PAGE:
HVRS discharges were associated, in the simultaneously recorded cortical neurones, with rhythmic membrane depolarizations superimposed on a tonic hyperpolarization that lasted for the whole duration of the ECoG oscillations. In theory, the tonic membrane hyperpolarization could result from an active synaptically mediated inhibition or a process of disfacilitation, leading to a passive return to the resting membrane potential due to a transient interruption in the excitatory synaptic inputs to the neurone. The hyperpolarizing shift found in motor cortex pyramidal neurones of Long-Evans rats during HVRS activity is very similar to that described from the same cortical area in GAERS during SWDs (Charpier et al. 1999; Slaght et al. 2002b, 2004; Paz et al. 2005). In this case, the seizure-associated membrane hyperpolarization was associated with an increase in membrane input resistance and thus has been attributed to a mechanism of synaptic disfacilitation (Charpier et al. 1999; Slaght et al. 2002b). A similar process has been also described during cortically generated spike-wave seizures in the cat, where the membrane steady hyperpolarization associated with the ECoG wave component did not result from Cl-dependent inhibitory potentials (Timofeev et al. 2002) but was associated with a significant increase in membrane resistance (Neckelmann et al. 2000).

It is very likely that the cortical membrane oscillations associated with the HVRS activity mainly reflect rhythmic synaptic potentials. First, their amplitude is increased during membrane hyperpolarization whereas their frequency is not altered by DC-induced changes in membrane potential (result not shown). These findings, also described in GAERS cortical neurones during SWDs (Charpier et al. 1999; Slaght et al. 2002b, 2004), are consistent with synaptic mechanisms and exclude a significant participation of voltage-gated intrinsic currents. Second, the depolarizing phase of cellular oscillations is sculpted by the temporal summation of high-frequency potentials (Fig. 3Ca) exhibiting kinetics and morphological properties compatible with synaptic potentials. These presumed rhythmic synaptic potentials, which occur during the steady hyperpolarization at membrane potentials (< −60 mV) close to or more negative than the equilibrium potential of Cl, could reflect a mixture of excitatory glutamatergic synaptic potentials and depolarizing Cl-dependent GABAergic synaptic events. This hypothesis is consistent with the participation of Cl-dependent depolarizing postsynaptic potentials in the paroxysmal depolarizing shifts of cortical neurones during ECoG spike-wave activity in cat (Timofeev et al. 2002). However, since intracellular current injection reveals a postinhibitory rebound (Fig. 2C), possibly due to Ih and/or IT, we cannot exclude a limited participation of these intrinsic currents in cortical neurones oscillations during HVRS activity.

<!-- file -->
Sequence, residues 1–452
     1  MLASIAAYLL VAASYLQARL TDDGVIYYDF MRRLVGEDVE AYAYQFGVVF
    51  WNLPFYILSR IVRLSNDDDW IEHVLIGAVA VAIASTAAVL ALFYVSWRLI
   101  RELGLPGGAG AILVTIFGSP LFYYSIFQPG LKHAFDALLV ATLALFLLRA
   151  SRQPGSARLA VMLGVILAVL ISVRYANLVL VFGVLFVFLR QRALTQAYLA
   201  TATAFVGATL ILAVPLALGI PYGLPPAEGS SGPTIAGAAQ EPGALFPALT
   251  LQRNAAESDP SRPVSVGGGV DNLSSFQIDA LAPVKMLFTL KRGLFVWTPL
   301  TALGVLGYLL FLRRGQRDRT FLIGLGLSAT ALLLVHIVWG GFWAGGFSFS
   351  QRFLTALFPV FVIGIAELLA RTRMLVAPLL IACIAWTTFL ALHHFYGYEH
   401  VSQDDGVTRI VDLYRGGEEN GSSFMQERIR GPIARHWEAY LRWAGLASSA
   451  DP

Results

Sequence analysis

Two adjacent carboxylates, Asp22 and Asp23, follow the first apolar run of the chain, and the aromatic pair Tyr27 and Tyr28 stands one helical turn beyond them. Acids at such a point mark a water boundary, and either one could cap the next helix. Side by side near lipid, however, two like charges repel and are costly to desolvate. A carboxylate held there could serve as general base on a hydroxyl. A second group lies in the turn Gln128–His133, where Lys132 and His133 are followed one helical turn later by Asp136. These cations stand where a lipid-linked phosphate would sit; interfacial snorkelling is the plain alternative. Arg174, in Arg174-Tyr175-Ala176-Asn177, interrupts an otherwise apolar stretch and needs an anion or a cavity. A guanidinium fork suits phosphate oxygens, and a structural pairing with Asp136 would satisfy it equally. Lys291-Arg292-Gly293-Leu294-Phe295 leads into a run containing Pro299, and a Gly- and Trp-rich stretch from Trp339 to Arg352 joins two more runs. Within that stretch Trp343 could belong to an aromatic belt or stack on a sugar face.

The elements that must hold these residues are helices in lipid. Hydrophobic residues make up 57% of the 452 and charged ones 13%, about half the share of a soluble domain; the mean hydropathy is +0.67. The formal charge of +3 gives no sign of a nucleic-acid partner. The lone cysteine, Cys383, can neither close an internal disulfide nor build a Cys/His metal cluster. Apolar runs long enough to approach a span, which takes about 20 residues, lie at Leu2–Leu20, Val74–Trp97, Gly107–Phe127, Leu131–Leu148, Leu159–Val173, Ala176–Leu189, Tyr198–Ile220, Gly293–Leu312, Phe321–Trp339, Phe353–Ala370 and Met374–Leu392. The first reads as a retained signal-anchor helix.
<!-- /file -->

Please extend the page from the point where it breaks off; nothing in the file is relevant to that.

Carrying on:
Because cortical intracellular oscillations are correlated with the spike component of HVRS ECoG activity, and assuming a relatively homogeneous behaviour of cortical neurones during HVRS discharges, our findings indicate that cortical neurones are engaged in a synchronized rhythmic excitation leading to relatively coherent firing (within a ~40 ms temporal window). Such a rhythmic synchrony in cortical cells, which is very similar to that described during SWDs in GAERS (Slaght et al. 2004; Paz et al. 2005), is consistent with that described from the primary somatosensory and motor cortex of freely moving Long-Evans rats (Nicolelis et al. 1995).

Thalamic mechanisms during HVRS activity